The Other Guy

img_1481

 

Hezzy occupies so much space with the therapies and special classes and other things that it makes it hard to give our youngest a equal amount of time and energy but we do our best. We also have to be really aware of not leaning on him to heavily as he gets older. He has been the big brother since he was 3 years old and has a special connection with Hezzy that is sometimes hard to put into words. He is bright, really coordinating and loves to push boundaries. He can be Hezzy’s best friend and greatest tormentor in the span of a few minutes but that is all brothers right lol. Here are some things we have learned in having a typical son after having a child with ASD.

  1. It has brought balance for us and has helped us to see the beauty in both of our boys that we wouldn’t have fully understood otherwise.
  2. We had to relearn how to parent. Hezzy has never lied to us Matty did almost as soon as he could talk.
  3. We allow for his own space when ever we can. One thing we noticed is we tend to think Hezzy needs a lot more attention then he does. There would be moments where we were hovering over Hezzy and had Mattox standing by us. I know that he is much more affected by us not paying him equal attention, Hezzy a lot of times doesn’t even notice.
  4. Doing things together is sometimes harder to do but usually pays off in dividends later. Using opportunities like therapies to take him to a coffee shop or biking with 3 people instead of 2  allows for equal time without having to set a side more time.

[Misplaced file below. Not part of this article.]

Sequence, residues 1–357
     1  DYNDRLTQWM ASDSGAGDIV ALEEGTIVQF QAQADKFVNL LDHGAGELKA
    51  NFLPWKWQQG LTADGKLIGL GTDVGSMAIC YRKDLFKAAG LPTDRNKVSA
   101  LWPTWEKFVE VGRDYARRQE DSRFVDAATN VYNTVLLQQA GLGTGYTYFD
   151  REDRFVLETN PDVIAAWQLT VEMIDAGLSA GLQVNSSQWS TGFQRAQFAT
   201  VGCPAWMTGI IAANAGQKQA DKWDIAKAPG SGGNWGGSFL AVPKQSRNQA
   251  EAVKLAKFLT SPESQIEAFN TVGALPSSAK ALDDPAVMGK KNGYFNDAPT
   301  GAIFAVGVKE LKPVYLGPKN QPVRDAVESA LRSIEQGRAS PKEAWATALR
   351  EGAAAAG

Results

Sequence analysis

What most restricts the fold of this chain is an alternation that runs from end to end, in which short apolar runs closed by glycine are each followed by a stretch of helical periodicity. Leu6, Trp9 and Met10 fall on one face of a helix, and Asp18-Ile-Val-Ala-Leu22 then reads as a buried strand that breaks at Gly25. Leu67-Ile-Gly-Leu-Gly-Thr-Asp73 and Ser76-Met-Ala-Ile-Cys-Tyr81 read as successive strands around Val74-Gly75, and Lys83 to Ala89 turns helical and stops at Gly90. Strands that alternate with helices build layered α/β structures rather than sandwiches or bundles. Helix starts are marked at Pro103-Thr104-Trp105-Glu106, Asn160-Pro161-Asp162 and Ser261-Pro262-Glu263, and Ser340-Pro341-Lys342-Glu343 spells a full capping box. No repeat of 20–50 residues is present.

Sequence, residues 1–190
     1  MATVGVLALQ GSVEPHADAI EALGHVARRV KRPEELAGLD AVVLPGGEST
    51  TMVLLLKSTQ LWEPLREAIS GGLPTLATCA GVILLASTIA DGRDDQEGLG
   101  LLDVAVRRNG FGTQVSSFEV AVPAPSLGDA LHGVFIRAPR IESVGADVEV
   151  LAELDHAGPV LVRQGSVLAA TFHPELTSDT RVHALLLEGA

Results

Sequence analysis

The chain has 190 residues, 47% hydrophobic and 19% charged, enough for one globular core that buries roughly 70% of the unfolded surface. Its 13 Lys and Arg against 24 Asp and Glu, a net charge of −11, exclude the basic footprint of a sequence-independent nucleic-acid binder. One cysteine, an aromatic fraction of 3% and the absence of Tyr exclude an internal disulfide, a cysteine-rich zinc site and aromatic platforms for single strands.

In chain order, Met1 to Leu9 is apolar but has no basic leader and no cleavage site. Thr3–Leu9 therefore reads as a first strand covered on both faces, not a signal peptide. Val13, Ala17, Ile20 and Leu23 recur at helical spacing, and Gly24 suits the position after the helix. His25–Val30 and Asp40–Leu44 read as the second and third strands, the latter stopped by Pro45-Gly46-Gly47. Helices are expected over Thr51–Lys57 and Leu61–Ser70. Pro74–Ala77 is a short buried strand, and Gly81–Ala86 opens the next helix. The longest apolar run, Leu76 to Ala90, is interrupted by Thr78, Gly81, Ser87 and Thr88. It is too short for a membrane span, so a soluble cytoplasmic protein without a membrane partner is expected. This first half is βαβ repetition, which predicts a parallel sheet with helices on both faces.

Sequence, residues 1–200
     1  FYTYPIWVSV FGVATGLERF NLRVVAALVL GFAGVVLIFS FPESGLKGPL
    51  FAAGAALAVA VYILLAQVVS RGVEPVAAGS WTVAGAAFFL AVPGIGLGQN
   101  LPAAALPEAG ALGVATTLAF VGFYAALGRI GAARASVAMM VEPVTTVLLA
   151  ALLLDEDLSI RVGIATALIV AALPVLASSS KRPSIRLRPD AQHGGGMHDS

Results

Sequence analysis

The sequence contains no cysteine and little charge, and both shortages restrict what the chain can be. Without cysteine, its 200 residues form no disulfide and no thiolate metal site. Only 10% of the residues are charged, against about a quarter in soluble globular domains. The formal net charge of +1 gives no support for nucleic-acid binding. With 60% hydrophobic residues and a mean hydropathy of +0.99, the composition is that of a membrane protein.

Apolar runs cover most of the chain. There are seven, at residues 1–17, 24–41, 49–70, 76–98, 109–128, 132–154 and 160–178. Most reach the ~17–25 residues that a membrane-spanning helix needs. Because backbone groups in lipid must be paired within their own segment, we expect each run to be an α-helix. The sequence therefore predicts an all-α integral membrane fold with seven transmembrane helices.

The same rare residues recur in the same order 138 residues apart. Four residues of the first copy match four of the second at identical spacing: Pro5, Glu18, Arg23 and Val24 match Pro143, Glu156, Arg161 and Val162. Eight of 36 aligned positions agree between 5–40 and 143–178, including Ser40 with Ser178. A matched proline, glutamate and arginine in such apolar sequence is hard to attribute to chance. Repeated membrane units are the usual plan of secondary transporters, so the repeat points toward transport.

5. He is not the parent of my ASD child but he can be his best friend being purposeful in building that is so rewarding I would like to inspire everyone I can with that.
  6. This has affected how my wife and I look at relationships in general accepting others differences and appreciating them where they are at but also trying to gently encourage them to progress in the journey at the same time.

Are you debating whether you should have a child if your first born has been diagnosed with ASD? How do your kids interact do you give them equal parts of your energy and time? How has this affecting how you look at friendships have you pulled away from the world or have you embraced others differences?

Advertisements
This entry was posted in Autism and tagged , , . Bookmark the permalink.

Leave a Reply

Fill in your details below or click an icon to log in:

WordPress.com Logo

You are commenting using your WordPress.com account. Log Out /  Change )

Google+ photo

You are commenting using your Google+ account. Log Out /  Change )

Twitter picture

You are commenting using your Twitter account. Log Out /  Change )

Facebook photo

You are commenting using your Facebook account. Log Out /  Change )

w

Connecting to %s